Patient-Reported Outcomes in Intraocular Lens Labeling
Cataracts cause a clouding of the normally clear lens of the eye, leading to reduced vision. This condition can make it difficult for individuals to perform everyday tasks like reading and driving. Cataracts can be surgically removed, resulting in aphakia or the lack of an eye lens. In the same surgery, a clear artificial intraocular lens (IOL) is implanted to replace the eye lens. Presbyopia, the inability to focus on objects up close, can be a new or persistent problem following cataract surgery.
AcrySof IQ PanOptix Trifocal IOL (Model TFNT00) (Premarket Approval P040020/S087) is a Class III ultraviolet absorbing and blue light filtering foldable multifocal IOL that can be implanted after cataract removal.
Indications for Use
The Acrysof IQ PanOptix Trifocal Intraocular lens is indicated for primary implantation in the capsular bag in the posterior chamber of the eye for the visual correction of aphakia, in adult patients with less than 1 diopter of pre-existing corneal astigmatism, in whom a cataractous lens has been removed. The lens mitigates the effects of presbyopia by providing improved intermediate and near visual acuity while maintaining comparable distance visual acuity with a reduced need for eyeglasses, compared to a monofocal IOL; see Summary of Safety and Effectiveness Data (PDF).
Context of Clinical Outcome Assessment (COA) Use
Two different patient-reported outcome (PRO) instruments were used to assess endpoints in the pivotal clinical investigation for the AcrySof IQ PanOptix Trifocal IOL: the Questionnaire for Visual Disturbances (QUVID) and the IOL satisfaction questionnaire (IOLSAT). Both PRO instruments were developed by the device sponsor and final fit-for-purpose determination of these instruments was made by CDRH during the PMA review process.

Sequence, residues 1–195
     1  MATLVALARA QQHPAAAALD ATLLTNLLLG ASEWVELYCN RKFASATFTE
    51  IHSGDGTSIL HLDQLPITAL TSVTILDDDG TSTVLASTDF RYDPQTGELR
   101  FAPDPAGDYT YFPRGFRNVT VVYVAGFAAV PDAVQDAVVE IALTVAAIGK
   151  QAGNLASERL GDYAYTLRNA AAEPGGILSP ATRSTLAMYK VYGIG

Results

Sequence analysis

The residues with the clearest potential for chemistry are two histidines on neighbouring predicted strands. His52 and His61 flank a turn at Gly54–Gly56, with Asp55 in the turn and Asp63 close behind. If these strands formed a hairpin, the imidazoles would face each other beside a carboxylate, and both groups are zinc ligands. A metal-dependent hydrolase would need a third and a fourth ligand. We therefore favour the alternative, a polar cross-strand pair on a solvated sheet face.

The secondary safety endpoint for the clinical investigation was an estimate of the rates of “severe” and “most bothersome” visual disturbances as reported by patients on the QUVID. This instrument was also used as an ancillary safety endpoint to assess rates of all visual disturbances, not only those that were “severe” and “most bothersome.”
The proportion of subjects responding “never” to the first question of the IOLSAT questionnaire (“Overall, in the past 7 days, how often did you need to wear eyeglasses to see?”) was one of two secondary effectiveness endpoints. The device’s Indications for Use and labeling materials were directly informed by this endpoint, including a statement that the lens maintains “comparable distance visual acuity with a reduced need for eyeglasses, compared to a monofocal IOL.”
This device approval employed careful planning and use of reliable development methods to develop an appropriate PRO instrument in the absence of appropriate tools. Early discussions with CDRH are encouraged and can aid in the development of an application-specific PRO instrument.
PRO instruments can be used to demonstrate both safety and effectiveness of a medical device while capturing concepts important to patients. Notably, this approval illustrated how impactful a PRO instrument can be, specifically on the Indications for Use. This information was also included in the patient labeling materials, which can help inform patients’ decisions to have the lens implanted.